“We are facing a crisis of confidence that is eroding the public’s trust in our markets, and poses a real threat to our economic health… The strain on the economy is deep and spreading.”
If you regularly track emerging stories about the effect that cybersecurity breaches are having on our economy, you may have missed this quote. Don’t worry, it hasn’t been said in public – yet.
The quote is in fact from Senator Paul Sarbanes during the time he co-sponsored a bill that became the Sarbanes Oxley Act of 2002. He was describing the impact of highly publicized financial fraud committed by executives at companies like Enron and Worldcom, but it’s not much of a stretch to envision a similar statement emerging to describe the economic consequences of cyber breaches.
Comparing the emerging field of cybergovernance with the historical progression of what is now a $5 billion Sarbanes-Oxley market produces a striking image:
In every aspect, cybergovernance appears to be tracking the path that “Hurricane SOX” has followed over the past 15 years:
Instigation. The number of highly publicized cyber breaches at JPMorgan Chase, Target, Home Depot, and others has exceeded the number of fraud events that led to the passage of Sarbanes-Oxley.
Motivation. The goal of the 2002 legislation was to recover and maintain the public and investor confidence lost after the revelations of lax financial controls at high profile public companies. We are currently threatened with a similar loss of confidence in company valuations as cyber breaches expose the massive negligence of public and private enterprises.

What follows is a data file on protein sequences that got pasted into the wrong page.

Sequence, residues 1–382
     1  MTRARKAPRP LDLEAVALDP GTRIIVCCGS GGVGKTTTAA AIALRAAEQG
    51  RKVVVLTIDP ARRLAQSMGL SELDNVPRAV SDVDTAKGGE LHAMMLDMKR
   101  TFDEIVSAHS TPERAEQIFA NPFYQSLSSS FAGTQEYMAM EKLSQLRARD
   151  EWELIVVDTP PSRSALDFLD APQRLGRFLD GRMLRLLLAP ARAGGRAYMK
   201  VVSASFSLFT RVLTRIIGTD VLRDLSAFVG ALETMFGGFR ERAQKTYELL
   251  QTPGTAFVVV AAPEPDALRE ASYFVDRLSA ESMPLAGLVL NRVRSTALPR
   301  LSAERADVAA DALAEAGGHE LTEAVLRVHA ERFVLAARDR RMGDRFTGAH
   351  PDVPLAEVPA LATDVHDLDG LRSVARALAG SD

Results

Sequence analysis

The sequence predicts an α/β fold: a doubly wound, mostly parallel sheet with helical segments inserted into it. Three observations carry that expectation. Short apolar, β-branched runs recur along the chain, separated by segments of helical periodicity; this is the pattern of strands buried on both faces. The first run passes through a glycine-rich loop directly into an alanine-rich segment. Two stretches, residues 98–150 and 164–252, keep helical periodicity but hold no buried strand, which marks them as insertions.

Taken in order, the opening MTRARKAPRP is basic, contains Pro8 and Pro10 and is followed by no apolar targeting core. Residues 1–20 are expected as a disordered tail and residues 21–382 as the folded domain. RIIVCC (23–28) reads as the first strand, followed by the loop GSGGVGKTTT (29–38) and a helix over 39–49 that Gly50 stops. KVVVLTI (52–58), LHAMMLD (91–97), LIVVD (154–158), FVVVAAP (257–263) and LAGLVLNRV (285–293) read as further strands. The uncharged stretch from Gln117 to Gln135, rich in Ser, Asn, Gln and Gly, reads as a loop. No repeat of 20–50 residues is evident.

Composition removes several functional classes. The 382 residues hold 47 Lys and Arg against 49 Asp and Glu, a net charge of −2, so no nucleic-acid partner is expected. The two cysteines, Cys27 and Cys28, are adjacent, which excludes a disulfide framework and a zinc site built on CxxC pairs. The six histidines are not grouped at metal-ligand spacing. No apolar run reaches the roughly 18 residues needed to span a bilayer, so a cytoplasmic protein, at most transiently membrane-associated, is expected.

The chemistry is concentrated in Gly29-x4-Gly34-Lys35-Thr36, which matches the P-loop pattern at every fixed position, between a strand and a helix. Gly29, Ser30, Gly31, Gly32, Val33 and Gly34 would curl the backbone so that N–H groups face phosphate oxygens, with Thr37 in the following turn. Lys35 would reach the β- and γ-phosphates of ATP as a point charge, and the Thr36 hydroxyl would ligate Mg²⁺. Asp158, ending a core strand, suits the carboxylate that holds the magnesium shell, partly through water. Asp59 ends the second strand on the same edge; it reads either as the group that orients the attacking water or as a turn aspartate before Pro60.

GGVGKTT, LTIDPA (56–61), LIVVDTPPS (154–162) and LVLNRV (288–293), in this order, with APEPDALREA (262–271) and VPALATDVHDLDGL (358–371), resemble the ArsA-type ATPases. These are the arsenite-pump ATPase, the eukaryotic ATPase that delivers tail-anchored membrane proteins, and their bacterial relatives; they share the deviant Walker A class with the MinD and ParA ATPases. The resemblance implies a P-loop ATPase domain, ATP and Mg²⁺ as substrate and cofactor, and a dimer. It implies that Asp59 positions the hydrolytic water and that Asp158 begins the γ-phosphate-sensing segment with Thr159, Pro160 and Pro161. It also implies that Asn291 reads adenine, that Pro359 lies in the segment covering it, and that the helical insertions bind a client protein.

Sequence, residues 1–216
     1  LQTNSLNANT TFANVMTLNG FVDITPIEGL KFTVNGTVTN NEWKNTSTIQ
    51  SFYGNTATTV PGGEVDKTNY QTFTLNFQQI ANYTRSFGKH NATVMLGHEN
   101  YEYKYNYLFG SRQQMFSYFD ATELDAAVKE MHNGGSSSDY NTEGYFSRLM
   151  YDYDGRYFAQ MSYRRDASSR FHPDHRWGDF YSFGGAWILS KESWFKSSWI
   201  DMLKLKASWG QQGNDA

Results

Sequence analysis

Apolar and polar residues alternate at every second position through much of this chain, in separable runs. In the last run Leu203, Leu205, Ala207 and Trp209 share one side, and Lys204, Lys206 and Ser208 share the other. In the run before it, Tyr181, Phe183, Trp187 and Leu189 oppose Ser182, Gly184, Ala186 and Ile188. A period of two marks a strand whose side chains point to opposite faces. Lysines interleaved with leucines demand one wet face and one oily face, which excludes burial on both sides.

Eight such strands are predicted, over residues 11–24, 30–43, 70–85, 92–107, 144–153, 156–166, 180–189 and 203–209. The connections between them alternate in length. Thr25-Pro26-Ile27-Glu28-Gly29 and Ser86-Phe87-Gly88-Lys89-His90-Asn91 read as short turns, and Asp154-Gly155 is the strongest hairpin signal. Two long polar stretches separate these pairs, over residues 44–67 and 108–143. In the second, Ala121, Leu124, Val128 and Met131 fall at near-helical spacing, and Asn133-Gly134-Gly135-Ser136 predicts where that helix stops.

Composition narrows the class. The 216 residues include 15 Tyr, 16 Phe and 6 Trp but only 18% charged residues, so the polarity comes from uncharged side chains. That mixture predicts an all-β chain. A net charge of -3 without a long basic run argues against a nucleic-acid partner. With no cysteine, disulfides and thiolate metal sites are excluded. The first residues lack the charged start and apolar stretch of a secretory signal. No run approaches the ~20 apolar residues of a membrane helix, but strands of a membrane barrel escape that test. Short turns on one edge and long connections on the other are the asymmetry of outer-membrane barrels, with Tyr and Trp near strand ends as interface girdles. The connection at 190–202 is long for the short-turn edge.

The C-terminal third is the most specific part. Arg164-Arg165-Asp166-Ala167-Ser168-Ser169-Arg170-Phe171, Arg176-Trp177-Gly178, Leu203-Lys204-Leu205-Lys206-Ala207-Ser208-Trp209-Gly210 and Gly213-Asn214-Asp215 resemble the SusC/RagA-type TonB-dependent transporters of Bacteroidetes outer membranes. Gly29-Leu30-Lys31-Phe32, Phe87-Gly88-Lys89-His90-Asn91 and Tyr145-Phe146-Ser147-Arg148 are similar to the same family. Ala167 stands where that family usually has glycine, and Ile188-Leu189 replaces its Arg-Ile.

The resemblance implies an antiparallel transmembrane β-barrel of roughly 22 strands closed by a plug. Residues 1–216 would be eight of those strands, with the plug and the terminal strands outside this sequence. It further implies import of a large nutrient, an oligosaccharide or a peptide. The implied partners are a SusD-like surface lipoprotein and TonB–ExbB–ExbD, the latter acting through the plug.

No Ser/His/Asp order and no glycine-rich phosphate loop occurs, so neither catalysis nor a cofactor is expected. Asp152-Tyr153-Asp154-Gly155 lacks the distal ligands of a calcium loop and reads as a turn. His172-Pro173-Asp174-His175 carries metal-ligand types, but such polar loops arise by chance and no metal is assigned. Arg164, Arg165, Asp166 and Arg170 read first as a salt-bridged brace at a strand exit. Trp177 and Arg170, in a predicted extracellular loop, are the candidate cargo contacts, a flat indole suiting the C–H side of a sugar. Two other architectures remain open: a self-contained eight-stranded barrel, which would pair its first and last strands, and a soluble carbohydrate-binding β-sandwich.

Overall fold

Challenge. The challenge in 2002 was to legislate new rules that would ultimately mitigate perceived and real financial risk by mandating accurate reporting. Board members surveyed by NYSE expect increases in cybersecurity regulation as public awareness of the impact of breaches grows.
Solution. The answer to financial fraud was stricter laws governing the management of and reporting by corporate financial systems. We appear to be headed toward stricter and more explicit legislation that will direct how companies and their boards mitigate cyber risk.
Driver. In 2002, the Senate Banking Committee led in investigating financial fraud and in devising corrective legislation. Current initiatives supporting stronger cybersecurity measures are spread across several agencies and groups, including the Securities and Exchange Commission (SEC), the Federal Trade Commission (FTC), Federal Financial Institutions Examination Council’s (FFIEC), and the Consumer Financial Protection Bureau (CFPB).
Outcome. The outcome of extensive financial fraud was passage of the SOX legislation. As the frequency and destruction of cyber breaches continues to grow, it seems increasingly likely that significant regulatory action to mitigate cyber risk is imminent, and moves to significantly elevate the urgency of improving cyber maturity in all organizations will be driven by boards and management.
What actions should prudent directors and management take today to prepare? We mentioned several in an earlier post that are worth repeating here:
- Realize that cybersecurity is not just IT’s problem – it’s everyone’s responsibility, and the board should lead the way.
- Focus on defense before threats. Mitigating risk through internal changes that the organization can control is the best place to make rapid initial progress.
- Work from a foundation of standards created by experts. Compare your organization to the NIST Cybersecurity Framework and other industry-specific models (e.g., HIPAA, ISO, FFIEC).